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PTH-066 Clinical Trial: Effects of Oral Ferrous Sulphate on Haemoglobin, Hepcidin, Disease Activity, Mood and Quality of Life in Adolescents and Adults with Iron Deficiency Anaemia Due to IBD
  1. J Goodhand1,
  2. D Rampton1,
  3. N Joshi1,
  4. A-B Karim1,
  5. Y Koodun1,
  6. L Macken1,
  7. F Baraket1,
  8. J Epstein2,
  9. J Fell2,
  10. D Ward3,
  11. T Iqbal3,
  12. I Sanderson1
  1. 1Barts Health NHS Trust
  2. 2Chelsea and Westminster NHS trust, London
  3. 3University of Birmingham, Birmingham, UK

Abstract

Introduction Iron deficiency anaemia (IDA) is common in inflammatory bowel disease (IBD), can be hard to treat and has a negative impact on quality of life (QOL). Because of previous concerns about the efficacy and safety of oral iron, particularly in young people with IBD, we undertook a trial to assess whether ferrous sulphate is as effective and well-tolerated in adolescents as in adults with IBD.

Methods Prospective phase IV, open-label, parallel group, 6 week non-inferiority clinical trial to compare the effects of oral ferrous sulphate 200 mg twice daily on Hb, iron status, serum hepcidin, symptoms, disease activity (Harvey-Bradshaw Index, Simple Colitis Clinical Activity Index, C-reactive protein (CRP), faecal calprotectin (FCP), QOL, mood and fatigue psychometric scores in 43 adolescent (age 13–18 years) and 45 adult (>18 years) IBD patients with IDA who were either oral iron-naïve or previously iron-tolerant.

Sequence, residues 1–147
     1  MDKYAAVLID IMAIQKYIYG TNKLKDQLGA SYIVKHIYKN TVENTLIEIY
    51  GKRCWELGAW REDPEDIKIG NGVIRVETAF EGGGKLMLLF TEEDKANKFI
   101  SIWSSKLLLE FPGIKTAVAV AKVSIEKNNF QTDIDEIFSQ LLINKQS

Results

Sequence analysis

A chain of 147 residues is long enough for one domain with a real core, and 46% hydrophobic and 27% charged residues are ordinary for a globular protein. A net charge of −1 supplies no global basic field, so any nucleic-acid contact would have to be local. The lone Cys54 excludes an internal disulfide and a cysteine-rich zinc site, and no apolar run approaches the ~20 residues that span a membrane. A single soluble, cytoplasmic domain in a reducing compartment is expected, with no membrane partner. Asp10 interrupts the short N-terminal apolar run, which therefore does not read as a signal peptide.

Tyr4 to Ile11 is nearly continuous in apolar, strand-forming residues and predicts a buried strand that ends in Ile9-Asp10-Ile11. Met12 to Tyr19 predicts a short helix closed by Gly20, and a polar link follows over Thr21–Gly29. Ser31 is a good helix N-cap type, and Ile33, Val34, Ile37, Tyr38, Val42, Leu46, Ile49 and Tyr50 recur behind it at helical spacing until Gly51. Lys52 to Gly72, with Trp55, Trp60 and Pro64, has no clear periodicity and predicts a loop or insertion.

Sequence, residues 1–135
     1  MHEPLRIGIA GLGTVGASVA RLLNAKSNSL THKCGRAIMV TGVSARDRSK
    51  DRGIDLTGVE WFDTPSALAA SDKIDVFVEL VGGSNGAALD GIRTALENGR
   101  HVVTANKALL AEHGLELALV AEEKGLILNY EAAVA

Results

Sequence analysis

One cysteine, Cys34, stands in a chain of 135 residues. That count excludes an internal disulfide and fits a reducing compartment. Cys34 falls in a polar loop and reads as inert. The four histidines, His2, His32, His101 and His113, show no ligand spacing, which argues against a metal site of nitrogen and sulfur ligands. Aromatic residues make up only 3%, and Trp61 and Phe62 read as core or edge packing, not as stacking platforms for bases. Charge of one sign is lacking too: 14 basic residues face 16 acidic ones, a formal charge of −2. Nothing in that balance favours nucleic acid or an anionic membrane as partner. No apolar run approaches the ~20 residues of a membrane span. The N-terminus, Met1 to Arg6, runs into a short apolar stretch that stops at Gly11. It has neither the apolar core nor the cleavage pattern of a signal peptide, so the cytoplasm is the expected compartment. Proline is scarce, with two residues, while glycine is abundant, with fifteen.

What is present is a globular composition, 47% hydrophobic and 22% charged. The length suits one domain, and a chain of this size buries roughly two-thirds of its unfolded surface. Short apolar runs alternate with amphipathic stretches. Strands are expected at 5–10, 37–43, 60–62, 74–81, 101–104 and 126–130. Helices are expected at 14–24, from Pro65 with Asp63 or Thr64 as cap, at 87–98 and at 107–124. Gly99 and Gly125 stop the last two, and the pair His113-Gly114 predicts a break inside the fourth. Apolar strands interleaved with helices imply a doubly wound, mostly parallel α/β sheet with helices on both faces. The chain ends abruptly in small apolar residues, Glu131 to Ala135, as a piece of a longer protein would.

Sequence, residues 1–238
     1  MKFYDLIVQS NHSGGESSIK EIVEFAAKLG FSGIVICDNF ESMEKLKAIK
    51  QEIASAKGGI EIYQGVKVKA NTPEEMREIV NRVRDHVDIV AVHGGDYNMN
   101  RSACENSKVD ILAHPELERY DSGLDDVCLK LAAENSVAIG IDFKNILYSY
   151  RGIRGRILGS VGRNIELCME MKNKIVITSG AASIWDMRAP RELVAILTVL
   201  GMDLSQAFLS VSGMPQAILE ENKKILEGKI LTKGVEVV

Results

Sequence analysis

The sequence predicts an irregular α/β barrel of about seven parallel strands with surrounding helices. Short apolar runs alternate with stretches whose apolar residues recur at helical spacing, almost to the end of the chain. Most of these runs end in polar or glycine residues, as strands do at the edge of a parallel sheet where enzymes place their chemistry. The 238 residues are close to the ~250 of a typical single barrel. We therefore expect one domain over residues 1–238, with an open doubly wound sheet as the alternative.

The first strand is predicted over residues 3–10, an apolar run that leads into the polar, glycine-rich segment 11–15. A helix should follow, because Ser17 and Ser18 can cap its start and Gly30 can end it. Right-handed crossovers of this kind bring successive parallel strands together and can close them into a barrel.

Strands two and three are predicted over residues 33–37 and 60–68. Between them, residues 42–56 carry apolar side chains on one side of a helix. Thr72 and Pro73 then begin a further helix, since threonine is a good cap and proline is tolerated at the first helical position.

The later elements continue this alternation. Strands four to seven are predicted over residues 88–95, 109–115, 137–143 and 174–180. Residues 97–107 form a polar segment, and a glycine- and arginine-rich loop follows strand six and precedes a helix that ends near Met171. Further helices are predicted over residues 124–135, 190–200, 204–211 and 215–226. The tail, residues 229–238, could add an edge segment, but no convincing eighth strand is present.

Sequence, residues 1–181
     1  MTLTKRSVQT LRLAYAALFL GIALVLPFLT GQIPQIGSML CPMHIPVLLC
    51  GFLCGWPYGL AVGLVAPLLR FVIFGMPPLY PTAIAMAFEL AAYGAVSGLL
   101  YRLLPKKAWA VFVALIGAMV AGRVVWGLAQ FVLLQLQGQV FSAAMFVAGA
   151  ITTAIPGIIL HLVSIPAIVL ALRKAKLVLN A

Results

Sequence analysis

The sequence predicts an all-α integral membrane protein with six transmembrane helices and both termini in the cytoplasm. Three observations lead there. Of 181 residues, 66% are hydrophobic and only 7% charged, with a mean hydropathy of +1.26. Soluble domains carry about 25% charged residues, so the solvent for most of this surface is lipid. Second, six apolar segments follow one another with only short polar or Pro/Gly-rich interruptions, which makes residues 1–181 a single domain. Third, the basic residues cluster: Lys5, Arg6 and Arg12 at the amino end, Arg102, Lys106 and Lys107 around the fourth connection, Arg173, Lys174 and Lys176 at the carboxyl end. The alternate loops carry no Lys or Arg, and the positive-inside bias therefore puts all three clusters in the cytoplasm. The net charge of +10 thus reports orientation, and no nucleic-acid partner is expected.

Results On intention-to treat analysis, ferrous sulphate produced similar small but statistically significant rises in serum Hb in the adolescent (before treatment 10.3 g/dl [0.2] (mean [SEM]); after 11.7 [0.2]: p < 0.0001) and adult groups (before 10.9 g/dl [0.1]; after 11.9 [0.2]: p < 0.0001). There was no statistically significant difference in Hb respone or % transferrin saturation response between the two groups. 24 patients (12 adolescents, 12 adults) failed to complete the protocol, 11 because of iron intolerance. On a per protocol basis, oral iron did not change FCP: adolescents (n = 22) (before 324 ug/g [51], after 281 [47]: p = 0.55); adults (n = 22) (before 359 ug/g [107], after 301 [80]: p = 0.54); CRP was also unaffected by oral iron. There was no relation between baseline FCP and baseline Hb or hepcidin, or the Hb response to oral iron. However, baseline hepcidin was negatively associated with Hb response to oral iron (r = 0.28, p = 0.02). The change in Hb following administration of ferrous sulphate had no effect on the Short IBDQ, Hospital Anxiety and Depression (HADS-A & D), Perceived Stress Questionnaire, or the multi-dimension fatigue inventory (MFI) scores.

Conclusion Oral ferrous sulphate is no less effective or well-tolerated in adolescents than in adults with IBD, and does not increase disease activity. Baseline serum hepcidin level is inversely related to the increase in Hb produced by oral iron in patients with IBD: its measurement could indicate which patients would do better with intravenous than oral iron. Change in Hb had no effect on QoL, mood or fatigue scores.

Disclosure of Interest None Declared

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